What doesn't work is the dance "fights" between our heroes and their rival crew. Staged as if they are martial arts battles, they just seem ridiculous. In fact, none of the drama surrounding the two groups of foes ever feels legitimate, since it always just resolves via dance. Most of the film exists in a realm of relative reality (like an amusing scene in which Ozone and Turbo try to mingle at an upper-crust cocktail party, but are treated like novelties), but it's hard to believe that when two gangs get in each other's faces, shoving and pushing, that some sick popping and locking will settle everything, no matter what Ice-T (making his film debut) might say as MC.

As the first film ends, the sequel is introduced, a film that would be rushed into production in order to arrive in theaters in the same calendar year (this was no Back to the Future situation.) The sequel, which had a different director (Cannon filmmaker Sam Firstenberg [Ninja III]) and, somehow, even less of a story, has become shorthand for a ridiculous follow-up, as any bad or unnecessary sequel gets the suffix "Electric Boogaloo" (i.e. Citizen Kane 2: Electric Boogaloo.) The thing is, this movie, which is legitimately terrible and lacking in much logic of any kind, is far more entertaining and memorable than its predecessor (largely due to it existing in some realm of magical realism.)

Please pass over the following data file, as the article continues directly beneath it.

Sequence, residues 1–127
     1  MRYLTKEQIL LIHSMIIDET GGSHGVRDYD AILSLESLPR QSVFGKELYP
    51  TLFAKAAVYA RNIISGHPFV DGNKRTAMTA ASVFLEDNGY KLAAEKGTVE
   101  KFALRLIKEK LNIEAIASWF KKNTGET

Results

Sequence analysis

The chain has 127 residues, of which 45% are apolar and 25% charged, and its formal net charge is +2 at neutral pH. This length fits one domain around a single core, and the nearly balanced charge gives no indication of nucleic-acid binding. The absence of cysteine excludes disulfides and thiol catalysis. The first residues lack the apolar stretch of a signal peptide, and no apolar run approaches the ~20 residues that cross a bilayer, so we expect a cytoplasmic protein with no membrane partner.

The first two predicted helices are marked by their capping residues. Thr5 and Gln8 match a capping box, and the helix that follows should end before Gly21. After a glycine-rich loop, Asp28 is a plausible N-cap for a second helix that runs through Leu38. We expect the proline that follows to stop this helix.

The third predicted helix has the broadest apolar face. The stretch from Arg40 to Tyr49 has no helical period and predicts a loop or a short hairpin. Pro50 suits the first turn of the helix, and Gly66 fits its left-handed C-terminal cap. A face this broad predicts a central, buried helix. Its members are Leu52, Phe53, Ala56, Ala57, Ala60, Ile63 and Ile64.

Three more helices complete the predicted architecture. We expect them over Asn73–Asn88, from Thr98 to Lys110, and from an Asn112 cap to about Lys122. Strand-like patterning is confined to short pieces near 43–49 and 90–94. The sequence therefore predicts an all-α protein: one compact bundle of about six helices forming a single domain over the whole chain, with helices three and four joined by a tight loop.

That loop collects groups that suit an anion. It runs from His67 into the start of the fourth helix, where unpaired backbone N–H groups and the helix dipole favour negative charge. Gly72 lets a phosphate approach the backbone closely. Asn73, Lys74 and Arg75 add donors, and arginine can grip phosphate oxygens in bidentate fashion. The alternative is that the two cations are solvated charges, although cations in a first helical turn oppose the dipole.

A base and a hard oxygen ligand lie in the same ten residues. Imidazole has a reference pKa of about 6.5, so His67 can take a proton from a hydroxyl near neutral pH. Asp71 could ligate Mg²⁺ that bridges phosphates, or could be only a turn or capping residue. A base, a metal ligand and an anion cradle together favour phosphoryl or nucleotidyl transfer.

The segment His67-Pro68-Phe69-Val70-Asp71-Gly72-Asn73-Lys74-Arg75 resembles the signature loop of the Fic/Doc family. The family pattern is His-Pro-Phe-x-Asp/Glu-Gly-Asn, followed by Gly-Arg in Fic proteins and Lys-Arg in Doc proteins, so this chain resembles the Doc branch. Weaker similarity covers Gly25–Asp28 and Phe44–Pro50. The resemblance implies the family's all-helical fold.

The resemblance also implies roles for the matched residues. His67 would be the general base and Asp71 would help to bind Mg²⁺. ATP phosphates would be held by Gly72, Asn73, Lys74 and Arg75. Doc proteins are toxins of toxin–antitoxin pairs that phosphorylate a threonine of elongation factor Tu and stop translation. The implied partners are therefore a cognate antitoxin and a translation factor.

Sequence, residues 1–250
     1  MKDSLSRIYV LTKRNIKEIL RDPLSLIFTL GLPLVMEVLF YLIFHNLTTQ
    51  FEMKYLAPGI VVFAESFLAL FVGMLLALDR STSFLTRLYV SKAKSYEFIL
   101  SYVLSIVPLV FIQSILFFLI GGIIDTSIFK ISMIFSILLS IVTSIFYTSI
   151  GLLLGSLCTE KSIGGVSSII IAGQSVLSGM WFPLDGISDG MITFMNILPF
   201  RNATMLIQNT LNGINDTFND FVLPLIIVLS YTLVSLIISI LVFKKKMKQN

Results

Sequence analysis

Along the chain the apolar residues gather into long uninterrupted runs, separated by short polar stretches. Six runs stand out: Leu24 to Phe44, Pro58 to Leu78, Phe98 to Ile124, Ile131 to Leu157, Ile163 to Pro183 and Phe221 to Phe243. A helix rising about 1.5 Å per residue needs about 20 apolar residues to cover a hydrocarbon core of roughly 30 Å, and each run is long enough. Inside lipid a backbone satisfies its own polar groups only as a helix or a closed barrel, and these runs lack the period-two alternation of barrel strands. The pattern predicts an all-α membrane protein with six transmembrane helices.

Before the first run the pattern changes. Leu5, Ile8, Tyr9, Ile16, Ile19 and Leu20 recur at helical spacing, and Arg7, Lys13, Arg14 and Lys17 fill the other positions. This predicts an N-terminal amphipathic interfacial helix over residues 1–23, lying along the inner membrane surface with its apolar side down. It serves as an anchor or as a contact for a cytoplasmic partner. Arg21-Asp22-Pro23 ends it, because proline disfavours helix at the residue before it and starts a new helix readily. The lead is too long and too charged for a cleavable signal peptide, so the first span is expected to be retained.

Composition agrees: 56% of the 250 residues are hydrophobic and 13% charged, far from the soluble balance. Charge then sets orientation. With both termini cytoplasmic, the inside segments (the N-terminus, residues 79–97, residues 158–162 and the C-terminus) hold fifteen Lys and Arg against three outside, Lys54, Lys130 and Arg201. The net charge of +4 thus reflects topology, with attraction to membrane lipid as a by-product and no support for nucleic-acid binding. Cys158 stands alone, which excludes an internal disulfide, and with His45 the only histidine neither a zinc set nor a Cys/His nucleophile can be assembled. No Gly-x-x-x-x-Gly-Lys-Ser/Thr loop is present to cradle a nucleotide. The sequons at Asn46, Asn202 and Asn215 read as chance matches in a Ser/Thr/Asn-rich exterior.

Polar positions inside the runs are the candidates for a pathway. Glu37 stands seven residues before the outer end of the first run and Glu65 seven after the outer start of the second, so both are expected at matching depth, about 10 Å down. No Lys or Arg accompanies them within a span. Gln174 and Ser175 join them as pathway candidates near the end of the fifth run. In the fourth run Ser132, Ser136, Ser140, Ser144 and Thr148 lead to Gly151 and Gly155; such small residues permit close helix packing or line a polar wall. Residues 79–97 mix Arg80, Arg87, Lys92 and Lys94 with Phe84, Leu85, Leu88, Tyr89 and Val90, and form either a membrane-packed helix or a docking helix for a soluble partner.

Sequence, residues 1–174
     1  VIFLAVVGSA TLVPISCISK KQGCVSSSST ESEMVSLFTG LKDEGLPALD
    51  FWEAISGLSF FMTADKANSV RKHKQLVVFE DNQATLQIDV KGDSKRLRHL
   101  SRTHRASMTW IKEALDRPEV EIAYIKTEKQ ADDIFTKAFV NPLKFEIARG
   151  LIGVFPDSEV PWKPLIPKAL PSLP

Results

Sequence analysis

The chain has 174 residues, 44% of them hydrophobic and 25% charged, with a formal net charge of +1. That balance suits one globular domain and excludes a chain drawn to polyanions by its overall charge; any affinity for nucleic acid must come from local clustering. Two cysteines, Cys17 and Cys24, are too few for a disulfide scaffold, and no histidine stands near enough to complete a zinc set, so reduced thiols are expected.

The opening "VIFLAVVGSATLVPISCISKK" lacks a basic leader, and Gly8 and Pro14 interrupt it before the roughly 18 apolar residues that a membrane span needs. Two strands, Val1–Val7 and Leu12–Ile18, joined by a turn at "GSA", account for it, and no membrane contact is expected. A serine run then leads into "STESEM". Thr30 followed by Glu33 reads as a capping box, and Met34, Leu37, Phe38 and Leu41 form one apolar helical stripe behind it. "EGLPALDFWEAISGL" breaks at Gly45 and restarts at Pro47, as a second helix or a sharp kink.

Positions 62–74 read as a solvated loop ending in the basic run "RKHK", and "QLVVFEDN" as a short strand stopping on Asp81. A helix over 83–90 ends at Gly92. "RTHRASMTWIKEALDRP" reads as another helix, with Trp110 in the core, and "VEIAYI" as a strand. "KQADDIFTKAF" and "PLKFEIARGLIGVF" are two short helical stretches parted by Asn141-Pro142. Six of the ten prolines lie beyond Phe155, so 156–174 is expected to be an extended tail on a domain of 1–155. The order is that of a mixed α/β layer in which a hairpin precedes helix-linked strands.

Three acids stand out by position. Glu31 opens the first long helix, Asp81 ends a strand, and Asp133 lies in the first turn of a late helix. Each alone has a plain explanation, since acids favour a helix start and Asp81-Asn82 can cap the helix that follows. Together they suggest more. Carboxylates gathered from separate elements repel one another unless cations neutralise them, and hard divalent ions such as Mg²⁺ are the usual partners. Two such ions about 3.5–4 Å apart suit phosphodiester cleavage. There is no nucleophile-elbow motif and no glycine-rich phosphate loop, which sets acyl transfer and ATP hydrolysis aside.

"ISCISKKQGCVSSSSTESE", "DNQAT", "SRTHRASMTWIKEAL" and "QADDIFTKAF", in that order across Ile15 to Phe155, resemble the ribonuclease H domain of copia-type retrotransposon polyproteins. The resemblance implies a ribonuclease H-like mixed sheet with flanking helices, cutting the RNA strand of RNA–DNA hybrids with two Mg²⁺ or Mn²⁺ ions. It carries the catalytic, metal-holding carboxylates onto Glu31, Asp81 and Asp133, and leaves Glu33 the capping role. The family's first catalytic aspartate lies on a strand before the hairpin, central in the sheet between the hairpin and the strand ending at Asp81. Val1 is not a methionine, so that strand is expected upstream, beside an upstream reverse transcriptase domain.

In this film, Kelly has left the group to pursue work as a stage dancer and has found a level of success. But when her show ends, she goes back to visit with the guys, much to the chagrin of her rich parents, who hate to see her slumming with Ozone and Turbo, who have started a community center called Miracles, where they teach dancing. The community center however is in danger of being torn down by a real-estate developer, unless they can come up with the money to pay for necessary repairs. So it's time for a fundraiser!

Onto that skeleton of a plot (a plot where stories end abruptly, almost like they didn't matter at all) is laid more dancing scenes than there are lines of dialogue in the film. Seven minutes in, there is a scene with the entire neighborhood--cops, construction workers, basically anyone they come across--dances down the street to the community center. It sets the tone for a movie where scenes exist simply for the dancing. Thus you get a lengthy scene where Turbo dances up walls and across the ceiling, you get a simply ridiculous hospital scene with magical sexy nurses who reanimate a dead man with their leg lifts, and another pointless dance fight, one even more over the top than the first film's.